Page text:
In time, a Second and a Third African Church were formed, also led by black pastors.
In the North, blacks had more authority over their religious affairs.
The term "the black church" evolved from the phrase "the Negro church," the title of a pioneering sociological study of African American Protestant churches at the turn of the century by W. African American Christians were never monolithic; they have always been diverse and their churches highly decentralized.
In black churches, women generally were not permitted to preach.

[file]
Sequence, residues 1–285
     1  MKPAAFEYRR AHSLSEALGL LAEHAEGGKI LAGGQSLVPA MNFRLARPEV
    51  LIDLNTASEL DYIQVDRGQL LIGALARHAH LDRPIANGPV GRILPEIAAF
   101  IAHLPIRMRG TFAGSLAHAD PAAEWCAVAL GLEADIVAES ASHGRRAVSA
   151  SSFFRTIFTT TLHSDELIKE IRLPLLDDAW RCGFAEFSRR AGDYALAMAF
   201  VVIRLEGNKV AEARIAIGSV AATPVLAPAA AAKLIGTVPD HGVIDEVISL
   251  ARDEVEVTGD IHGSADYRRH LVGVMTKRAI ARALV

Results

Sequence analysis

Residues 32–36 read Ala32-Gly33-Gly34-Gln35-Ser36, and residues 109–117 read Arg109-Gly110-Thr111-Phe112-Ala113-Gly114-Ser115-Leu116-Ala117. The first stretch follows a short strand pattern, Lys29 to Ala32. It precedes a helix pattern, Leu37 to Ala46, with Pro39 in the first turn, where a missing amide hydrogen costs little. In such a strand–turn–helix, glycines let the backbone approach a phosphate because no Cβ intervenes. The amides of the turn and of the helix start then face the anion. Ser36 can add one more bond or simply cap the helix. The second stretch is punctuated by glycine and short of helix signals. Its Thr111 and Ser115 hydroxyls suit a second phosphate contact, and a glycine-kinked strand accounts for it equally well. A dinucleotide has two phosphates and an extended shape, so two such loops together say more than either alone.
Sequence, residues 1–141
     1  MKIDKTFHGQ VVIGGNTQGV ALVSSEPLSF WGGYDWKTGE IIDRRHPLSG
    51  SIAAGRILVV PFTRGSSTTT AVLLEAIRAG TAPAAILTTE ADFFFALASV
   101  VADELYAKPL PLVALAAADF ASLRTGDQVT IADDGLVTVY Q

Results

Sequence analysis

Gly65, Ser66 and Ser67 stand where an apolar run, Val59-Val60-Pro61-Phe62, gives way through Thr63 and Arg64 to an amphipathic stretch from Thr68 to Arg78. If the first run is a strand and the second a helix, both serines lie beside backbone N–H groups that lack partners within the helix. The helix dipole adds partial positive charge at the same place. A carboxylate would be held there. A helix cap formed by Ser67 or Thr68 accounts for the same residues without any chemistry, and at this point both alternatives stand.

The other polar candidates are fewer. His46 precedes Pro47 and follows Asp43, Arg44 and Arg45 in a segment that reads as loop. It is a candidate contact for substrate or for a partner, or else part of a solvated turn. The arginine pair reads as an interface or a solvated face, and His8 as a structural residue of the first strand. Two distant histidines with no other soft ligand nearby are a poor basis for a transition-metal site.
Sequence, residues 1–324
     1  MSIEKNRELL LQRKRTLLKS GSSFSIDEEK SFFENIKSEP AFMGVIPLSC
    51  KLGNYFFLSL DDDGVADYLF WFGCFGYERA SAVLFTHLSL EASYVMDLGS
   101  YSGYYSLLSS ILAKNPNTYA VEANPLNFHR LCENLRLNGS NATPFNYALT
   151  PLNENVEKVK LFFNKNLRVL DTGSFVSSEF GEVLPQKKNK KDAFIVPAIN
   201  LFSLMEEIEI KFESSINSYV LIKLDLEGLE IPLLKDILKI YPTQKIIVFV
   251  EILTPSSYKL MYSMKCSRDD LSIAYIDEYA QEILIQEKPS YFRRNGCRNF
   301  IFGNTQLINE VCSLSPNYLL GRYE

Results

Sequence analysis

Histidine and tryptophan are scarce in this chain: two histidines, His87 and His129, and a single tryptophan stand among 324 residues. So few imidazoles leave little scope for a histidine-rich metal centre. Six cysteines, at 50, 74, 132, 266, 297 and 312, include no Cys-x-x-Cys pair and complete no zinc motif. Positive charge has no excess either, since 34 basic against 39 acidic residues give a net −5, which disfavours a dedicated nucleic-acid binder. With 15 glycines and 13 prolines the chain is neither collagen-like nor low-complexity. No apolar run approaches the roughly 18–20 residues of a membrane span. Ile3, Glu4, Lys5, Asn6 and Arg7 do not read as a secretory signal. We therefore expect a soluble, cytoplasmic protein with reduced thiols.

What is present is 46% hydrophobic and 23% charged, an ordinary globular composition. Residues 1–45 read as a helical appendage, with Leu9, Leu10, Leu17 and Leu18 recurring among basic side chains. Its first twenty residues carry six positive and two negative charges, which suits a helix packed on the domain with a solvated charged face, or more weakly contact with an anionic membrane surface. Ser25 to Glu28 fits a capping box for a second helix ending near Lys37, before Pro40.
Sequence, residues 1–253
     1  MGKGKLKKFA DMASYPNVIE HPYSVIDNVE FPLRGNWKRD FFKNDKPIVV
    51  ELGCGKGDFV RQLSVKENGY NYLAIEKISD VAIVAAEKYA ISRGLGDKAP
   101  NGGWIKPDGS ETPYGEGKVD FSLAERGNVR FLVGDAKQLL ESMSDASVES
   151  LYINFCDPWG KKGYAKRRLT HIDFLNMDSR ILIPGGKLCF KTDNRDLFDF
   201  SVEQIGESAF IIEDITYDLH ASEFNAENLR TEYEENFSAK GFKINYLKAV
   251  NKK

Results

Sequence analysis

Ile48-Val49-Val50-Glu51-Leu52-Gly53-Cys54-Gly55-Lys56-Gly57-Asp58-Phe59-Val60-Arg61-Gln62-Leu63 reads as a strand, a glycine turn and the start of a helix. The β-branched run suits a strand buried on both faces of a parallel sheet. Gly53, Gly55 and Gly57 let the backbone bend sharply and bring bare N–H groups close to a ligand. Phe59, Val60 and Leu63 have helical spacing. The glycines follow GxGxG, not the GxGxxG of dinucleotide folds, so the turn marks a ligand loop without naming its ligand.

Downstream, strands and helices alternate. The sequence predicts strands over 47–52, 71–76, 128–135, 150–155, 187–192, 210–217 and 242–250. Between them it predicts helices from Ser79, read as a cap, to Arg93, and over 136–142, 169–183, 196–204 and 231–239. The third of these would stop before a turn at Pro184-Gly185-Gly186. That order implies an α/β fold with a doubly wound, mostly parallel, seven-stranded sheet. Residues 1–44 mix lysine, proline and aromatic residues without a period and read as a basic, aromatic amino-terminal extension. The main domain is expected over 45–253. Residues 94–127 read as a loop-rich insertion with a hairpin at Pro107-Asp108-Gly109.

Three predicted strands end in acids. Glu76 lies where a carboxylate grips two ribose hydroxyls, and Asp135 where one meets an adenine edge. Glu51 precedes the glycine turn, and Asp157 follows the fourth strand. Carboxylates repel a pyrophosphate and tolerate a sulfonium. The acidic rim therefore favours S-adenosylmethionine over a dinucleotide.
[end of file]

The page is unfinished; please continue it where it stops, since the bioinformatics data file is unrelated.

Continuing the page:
One notable exception was Jarena Lee, who became an itinerant preacher, traveling thousands of miles and writing her own spiritual autobiography.
Additional credits include Vietnam: A Television History, AMERICAN EXPERIENCE, Castro’s Challenge, The Kennedys, Nixon and Julia! In the fall of 2008, newspapers, talk shows and blogs exploded with news that the Rev.
Jeremiah Wright, the African American minister from Chicago's Trinity Church, had denounced the United States with inflammatory language: "God damn America! While many white voters seemed surprised, puzzled and shocked by Wright's angry rhetoric, African Americans were less so.
Forging a unique synthesis, slaves gathered in "hush harbors" -- woods, gullies, ravines, thickets and swamps -- for heartfelt worship which stressed deliverance from the toil and troubles of the present world, and salvation in the heavenly life to come.